Humans carry over 30,000 distinct genes within their genome, and salmon are estimated to contain potentially twice this amount due to residual tetraploidy. In functional genomic analyses, we assess the transcriptional activity (which genes are being turned on and off to make proteins) of a large portion of these genes simultaneously using microarrays-- slides that have printed on their surface 10's of thousands of salmon genes. In our study, we used two different slides, one which contained 16,000 salmon genes, and another with 32,000 salmon genes. A genomic signature is derived statistically as a sub-set of the genetic messages that are turned on/off in association with a specific biological or environmental phenomenon; in our Science study, elevated mortality was the phenomenon. Once the genes associated with a signature are differentiated statistically, statistical approaches can be applied to determine what biological processes those genes are involved in are over-represented, providing a "functional signature" of the data. It is on the basis of this functional signature that mechanisms associated with individual signatures can be postulated. As well, there is a large body genomic data from controlled laboratory studies that can be mined for similarity to genomic signatures obtained.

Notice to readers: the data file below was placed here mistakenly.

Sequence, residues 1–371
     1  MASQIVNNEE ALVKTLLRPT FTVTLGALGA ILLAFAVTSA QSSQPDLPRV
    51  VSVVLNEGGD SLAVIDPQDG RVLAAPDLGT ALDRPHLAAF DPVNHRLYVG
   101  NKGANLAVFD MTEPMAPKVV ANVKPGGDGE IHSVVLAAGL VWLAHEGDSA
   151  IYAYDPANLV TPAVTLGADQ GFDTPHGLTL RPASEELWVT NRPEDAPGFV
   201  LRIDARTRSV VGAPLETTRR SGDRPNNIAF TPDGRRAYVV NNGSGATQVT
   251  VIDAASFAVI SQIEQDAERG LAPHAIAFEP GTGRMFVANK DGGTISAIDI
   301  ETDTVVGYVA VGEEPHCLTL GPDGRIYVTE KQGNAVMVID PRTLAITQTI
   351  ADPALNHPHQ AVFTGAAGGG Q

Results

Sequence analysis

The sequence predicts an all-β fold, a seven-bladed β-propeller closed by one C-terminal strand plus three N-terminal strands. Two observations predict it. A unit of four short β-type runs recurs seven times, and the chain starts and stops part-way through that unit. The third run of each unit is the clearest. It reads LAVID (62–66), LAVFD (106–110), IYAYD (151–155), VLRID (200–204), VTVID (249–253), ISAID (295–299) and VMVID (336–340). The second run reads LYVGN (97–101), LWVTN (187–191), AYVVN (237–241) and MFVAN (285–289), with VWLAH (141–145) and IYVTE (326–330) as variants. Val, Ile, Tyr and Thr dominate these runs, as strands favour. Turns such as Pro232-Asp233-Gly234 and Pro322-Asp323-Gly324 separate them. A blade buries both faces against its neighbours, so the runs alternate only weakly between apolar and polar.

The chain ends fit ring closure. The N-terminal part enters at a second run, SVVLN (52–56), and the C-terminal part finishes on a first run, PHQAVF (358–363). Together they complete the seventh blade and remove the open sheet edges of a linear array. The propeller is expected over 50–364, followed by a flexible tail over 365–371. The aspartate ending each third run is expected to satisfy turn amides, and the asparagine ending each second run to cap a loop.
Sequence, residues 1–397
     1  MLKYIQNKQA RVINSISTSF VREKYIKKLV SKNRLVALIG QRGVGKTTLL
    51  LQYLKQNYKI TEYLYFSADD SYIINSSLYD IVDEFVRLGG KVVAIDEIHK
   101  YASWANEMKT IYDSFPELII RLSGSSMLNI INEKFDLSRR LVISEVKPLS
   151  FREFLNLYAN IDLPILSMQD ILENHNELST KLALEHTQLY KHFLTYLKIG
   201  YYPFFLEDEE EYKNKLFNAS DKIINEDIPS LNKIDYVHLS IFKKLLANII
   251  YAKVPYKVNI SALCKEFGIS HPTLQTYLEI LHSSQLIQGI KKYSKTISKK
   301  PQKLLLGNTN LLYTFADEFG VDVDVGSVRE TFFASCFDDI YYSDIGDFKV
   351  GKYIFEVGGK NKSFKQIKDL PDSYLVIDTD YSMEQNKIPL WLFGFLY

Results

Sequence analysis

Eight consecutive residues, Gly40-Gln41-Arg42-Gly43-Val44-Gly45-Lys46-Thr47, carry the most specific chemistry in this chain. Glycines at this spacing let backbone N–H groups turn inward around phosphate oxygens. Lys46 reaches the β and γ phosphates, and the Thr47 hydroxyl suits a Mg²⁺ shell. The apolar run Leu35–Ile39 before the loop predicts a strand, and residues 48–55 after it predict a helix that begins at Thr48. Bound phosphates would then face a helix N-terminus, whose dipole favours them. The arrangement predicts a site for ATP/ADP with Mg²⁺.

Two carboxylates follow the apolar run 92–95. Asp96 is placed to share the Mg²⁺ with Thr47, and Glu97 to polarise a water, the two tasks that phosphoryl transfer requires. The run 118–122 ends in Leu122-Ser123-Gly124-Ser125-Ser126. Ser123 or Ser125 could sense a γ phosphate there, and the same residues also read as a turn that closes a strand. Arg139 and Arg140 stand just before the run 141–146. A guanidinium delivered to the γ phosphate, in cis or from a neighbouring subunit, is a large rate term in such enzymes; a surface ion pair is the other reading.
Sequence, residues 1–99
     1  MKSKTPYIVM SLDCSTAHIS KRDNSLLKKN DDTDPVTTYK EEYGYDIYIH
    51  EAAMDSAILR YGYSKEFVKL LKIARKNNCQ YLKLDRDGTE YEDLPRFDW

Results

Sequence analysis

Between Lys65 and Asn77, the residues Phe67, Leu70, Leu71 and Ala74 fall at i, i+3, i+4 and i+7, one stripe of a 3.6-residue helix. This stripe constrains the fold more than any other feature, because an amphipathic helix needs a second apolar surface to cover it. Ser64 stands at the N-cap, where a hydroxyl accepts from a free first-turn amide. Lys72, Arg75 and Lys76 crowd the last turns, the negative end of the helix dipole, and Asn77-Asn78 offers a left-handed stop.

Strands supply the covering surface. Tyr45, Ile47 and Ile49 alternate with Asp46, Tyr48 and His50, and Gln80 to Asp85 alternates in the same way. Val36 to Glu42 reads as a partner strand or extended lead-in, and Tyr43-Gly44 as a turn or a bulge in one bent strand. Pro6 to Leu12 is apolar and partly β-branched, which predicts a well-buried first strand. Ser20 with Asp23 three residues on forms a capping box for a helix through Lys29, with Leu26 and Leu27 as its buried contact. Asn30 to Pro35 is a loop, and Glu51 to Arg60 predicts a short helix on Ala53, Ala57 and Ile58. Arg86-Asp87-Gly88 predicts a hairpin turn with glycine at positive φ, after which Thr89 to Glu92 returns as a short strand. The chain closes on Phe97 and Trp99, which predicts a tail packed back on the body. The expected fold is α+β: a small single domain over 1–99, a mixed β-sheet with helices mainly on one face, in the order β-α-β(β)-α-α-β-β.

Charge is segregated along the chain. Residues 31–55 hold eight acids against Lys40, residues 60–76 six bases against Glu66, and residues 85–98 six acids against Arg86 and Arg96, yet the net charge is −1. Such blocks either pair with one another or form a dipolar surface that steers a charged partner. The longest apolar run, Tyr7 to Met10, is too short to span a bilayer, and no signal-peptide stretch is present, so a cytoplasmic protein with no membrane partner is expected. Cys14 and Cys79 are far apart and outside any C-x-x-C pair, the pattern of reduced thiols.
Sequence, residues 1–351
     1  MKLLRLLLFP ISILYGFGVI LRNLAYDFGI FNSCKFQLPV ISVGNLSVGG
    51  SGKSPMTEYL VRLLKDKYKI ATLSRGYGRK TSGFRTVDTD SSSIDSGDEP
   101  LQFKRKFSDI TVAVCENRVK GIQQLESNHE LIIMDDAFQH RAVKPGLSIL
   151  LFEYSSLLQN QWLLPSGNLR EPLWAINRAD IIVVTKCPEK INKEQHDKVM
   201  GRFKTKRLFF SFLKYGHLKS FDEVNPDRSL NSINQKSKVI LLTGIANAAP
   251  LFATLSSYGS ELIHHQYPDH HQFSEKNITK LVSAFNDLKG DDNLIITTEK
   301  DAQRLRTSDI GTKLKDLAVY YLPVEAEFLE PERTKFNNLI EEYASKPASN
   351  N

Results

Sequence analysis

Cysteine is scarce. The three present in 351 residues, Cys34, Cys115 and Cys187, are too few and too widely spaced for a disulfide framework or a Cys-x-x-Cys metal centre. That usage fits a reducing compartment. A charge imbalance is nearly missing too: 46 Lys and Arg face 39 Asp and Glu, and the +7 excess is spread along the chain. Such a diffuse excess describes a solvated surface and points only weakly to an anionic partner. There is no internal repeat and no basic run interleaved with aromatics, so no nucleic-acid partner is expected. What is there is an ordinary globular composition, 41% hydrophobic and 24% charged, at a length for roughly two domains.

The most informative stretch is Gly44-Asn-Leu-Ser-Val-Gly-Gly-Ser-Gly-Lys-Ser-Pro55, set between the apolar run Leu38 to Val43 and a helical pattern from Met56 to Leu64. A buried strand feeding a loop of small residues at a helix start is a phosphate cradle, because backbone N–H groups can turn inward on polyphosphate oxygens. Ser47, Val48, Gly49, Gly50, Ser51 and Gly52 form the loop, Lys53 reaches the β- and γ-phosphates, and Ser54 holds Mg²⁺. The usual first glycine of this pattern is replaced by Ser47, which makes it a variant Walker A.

When in the salmon's life cycle do they pick up the virus?

Sockeye salmon smolts leaving the river carry the highest prevalence of the MRS. Parr sampled in November, 5 months before they will smolt and migrate to the ocean, already carry the signature. In the two years for which there are full lifecycle data, it appears that the prevalence in brain and liver is highest in smolts leaving the river, and is substantially lower in returning adults. We have observed this signature in varying proportions of sockeye salmon each year with samples dating back to 2003.

Did a virus actually cause the signature? If so, what virus?

Research is underway to answer this question. Results are promising, but we do not yet have sufficient information to fully answer this question.

Thank you to Dr. Miller for her clarification of the research results and their relevance to coastal British Columbia.

The paper's complete reference is:

Miller K.M., Li S., Kaukinen K.H., Ginther N., Hammill E., Curtis, J.M.R., Patterson D.A., Sierocinski T., Donnison L., Pavlidis P., Hinch S.G., Hruska K.A., Cooke S.J., English K.K., and Farrell A.P. (2011) "Genomic Signatures Predict Migration and Spawning Failure in Wild Canadian Salmon" Science 331:214-217.